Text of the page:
United States v. American Library Association, Inc., 539 U.S. 194, 23 (2003)

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Breyer, J., concurring in judgment

both determinations. But I reach the plurality's ultimate conclusion in a different way.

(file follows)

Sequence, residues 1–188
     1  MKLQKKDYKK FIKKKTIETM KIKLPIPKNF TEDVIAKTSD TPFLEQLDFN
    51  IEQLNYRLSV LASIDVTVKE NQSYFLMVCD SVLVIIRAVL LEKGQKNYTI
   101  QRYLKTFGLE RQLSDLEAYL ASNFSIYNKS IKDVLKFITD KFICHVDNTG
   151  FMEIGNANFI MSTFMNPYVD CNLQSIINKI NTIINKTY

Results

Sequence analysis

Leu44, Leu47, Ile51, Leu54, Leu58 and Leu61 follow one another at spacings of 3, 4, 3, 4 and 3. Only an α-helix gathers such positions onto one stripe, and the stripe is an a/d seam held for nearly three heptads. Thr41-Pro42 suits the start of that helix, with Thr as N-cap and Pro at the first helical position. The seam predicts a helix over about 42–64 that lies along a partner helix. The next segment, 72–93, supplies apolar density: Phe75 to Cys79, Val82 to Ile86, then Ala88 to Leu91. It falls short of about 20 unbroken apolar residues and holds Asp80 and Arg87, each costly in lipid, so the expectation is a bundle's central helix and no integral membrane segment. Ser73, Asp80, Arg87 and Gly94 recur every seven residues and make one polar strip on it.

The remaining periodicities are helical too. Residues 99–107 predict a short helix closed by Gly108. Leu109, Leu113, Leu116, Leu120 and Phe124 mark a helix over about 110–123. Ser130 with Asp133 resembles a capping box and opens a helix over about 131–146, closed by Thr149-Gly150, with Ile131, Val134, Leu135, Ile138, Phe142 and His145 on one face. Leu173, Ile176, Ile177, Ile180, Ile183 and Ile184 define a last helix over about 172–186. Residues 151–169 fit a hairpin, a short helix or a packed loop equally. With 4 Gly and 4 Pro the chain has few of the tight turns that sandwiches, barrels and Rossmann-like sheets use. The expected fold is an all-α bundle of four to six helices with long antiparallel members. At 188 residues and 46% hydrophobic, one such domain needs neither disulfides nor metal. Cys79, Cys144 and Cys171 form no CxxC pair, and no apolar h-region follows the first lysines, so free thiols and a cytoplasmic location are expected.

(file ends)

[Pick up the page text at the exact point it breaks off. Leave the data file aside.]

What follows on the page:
In ascertaining whether the statutory provisions are constitutional, I would apply a form of heightened scrutiny, examining the statutory requirements in question with special care. The Act directly restricts the public's receipt of information. See Stanley v. Georgia, 394 U. S. 557, 564 (1969) ("[T]he Constitution protects the right to receive information and ideas"); Reno v. American Civil Liberties Union, 521 U. S. 844, 874 (1997). And it does so through limitations imposed by outside bodies (here Congress) upon two critically important sources of information—the Internet as accessed via public libraries. See ante, at 200, 203-204 (plurality opinion); post, at 225-226 (Stevens, J., dissenting); Board of Ed., Island Trees Union Free School Dist. No. 26 v. Pico, 457 U. S. 853, 915 (1982) (Rehnquist, J., dissenting) (describing public libraries as places "designed for freewheeling inquiry"). See also Reno, supra, at 853, 868 (describing the Internet as a "vast democratic" medium and the World Wide Web, in part, as "comparable, from the readers' viewpoint, to . . . a vast library"); Ashcroft v. American Civil Liberties Union, 535 U. S. 564, 566 (2002). For that reason, we should not examine the statute's constitutionality as if it raised no special First Amendment concern—as if, like tax or economic regulation, the First Amendment demanded only a "rational basis" for imposing a restriction. Nor should we accept the Government's suggestion that a presumption in favor of the statute's constitutionality applies. See, e. g., 201 F. Supp. 2d, at 409; Brief for United States 21-24. At the same time, in my view, the First Amendment does not here demand application of the most limiting constitutional approach—that of "strict scrutiny." The statutory restriction in question is, in essence, a kind of "selection" restriction (a kind of editing). It affects the kinds and amount of materials that the library can present to its pa-

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